In today's episode, I'm going to walk you through the beats that make up the first half of the middle section of Blake Snyder's Save the Cat! (STC!) beat sheet so that you can efficiently outline (or write) your novel. Here's a preview of what's included:[01:55] A recap of l
Publish Date: Jul 13, 2021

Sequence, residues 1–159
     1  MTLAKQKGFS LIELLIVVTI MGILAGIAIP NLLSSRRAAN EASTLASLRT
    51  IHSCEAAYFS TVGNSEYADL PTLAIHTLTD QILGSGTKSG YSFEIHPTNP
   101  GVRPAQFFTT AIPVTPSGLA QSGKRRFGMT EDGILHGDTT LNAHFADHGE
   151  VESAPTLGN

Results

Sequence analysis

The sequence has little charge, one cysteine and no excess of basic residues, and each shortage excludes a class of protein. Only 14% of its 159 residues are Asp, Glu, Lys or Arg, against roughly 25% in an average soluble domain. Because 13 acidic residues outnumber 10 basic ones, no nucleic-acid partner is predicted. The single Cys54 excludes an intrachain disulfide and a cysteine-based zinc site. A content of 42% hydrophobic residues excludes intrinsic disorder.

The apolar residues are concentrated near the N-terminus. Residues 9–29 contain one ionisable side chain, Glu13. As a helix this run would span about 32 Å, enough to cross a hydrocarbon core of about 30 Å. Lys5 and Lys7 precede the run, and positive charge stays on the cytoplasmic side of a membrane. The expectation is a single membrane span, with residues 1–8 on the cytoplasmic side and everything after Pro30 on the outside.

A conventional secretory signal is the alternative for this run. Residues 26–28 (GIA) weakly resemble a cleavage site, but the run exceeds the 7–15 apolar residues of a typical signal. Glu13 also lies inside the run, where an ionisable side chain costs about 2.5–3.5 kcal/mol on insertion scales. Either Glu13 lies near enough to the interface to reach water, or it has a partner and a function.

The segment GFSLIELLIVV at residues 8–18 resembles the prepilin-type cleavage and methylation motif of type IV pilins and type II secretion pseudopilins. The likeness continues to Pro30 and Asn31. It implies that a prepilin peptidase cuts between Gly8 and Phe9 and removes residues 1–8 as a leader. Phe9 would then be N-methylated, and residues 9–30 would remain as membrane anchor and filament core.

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In today's episode, I'm going to walk you through the beats that make up the first half of the middle section of Blake Snyder's Save the Cat! (STC!) beat sheet so that you can efficiently outline (or write) your novel. Here's a preview of what's included:[01:55] A recap of last week's episode that focused on the beginning beats in the STC! method. Click here to listen to episode #47 first! [02:30] Act two is all about your character changing. In act one, the protagonist starts out one way, then they go on a journey in act two, and come out the other side in act three a new and improved person.[04:15] In act two, the protagonist needs to have agency over what they’re doing. They need to take active steps toward getting or accomplishing the thing they want (aka the thing they think will bring them happiness or fulfillment).[05:00] As we go through these beats, pay attention to how they put pressure on the protagonist until he or she changes. [05:25] The average novel is about 80k words, and this section (the middle, part one) is about 20k of them. If you write 1,500-word scenes, you're looking at about 14 scenes here.[06:25] Some of the beats are single scene beats while others are multi-scene beats. I will tell you which is which![07:00] Beat #7 is the B-Story beat which is a single scene beat that introduces a new character (or characters depending on your story) who will ultimately help the hero learn the lesson of the story. [10:30] Beat #8 is the fun and games beat which is a multi-scene beat where we see the protagonist really sinking into their new world, and they’re either loving it or they’re hating it. [18:30] Beat #9 is the midpoint beat which is a single scene beat that ups the stakes, and this is where the protagonist starts to shift from chasing their wants to letting go of the thing they want in order to figure out what they need. [24:45] Key points and episode recap.Subscribe & Review in Apple PodcastsAre you subscribed to my podcast? If you’re not, I want to encourage you to do that today. I don’t want you to miss an episode! Especially because I’m adding a bunch of bonus episodes to the mix and if you’re not subscribed there’s a good chance you’ll miss out on those. So, click here to subscribe to the show in Apple Podcasts!If you're already a subscriber, and if you enjoy the show, I would be really grateful if you left a review over on Apple Podcasts, too. Those reviews help other writers find my podcast and they’re also super fun for me to go in and read. Just click here to review, select “Ratings and Reviews” and “Write a Review” and let me know what your favorite part of the show is. Thanks in advance!Links mentioned in this episode:Episode Freebie: Scene Planning Roadmap PDFEp. 47 - Save the Cat! The Beginning Beats (article)Ep. 5 - 3 Ways to Figure Out the Theme of Your Story (article)Ep. 40 - How to Write a Well-Structured Scene (article)Book: Save the Cat! Writes a Novel by Jessica BrodyBook: Save the Cat! by Blake Snyder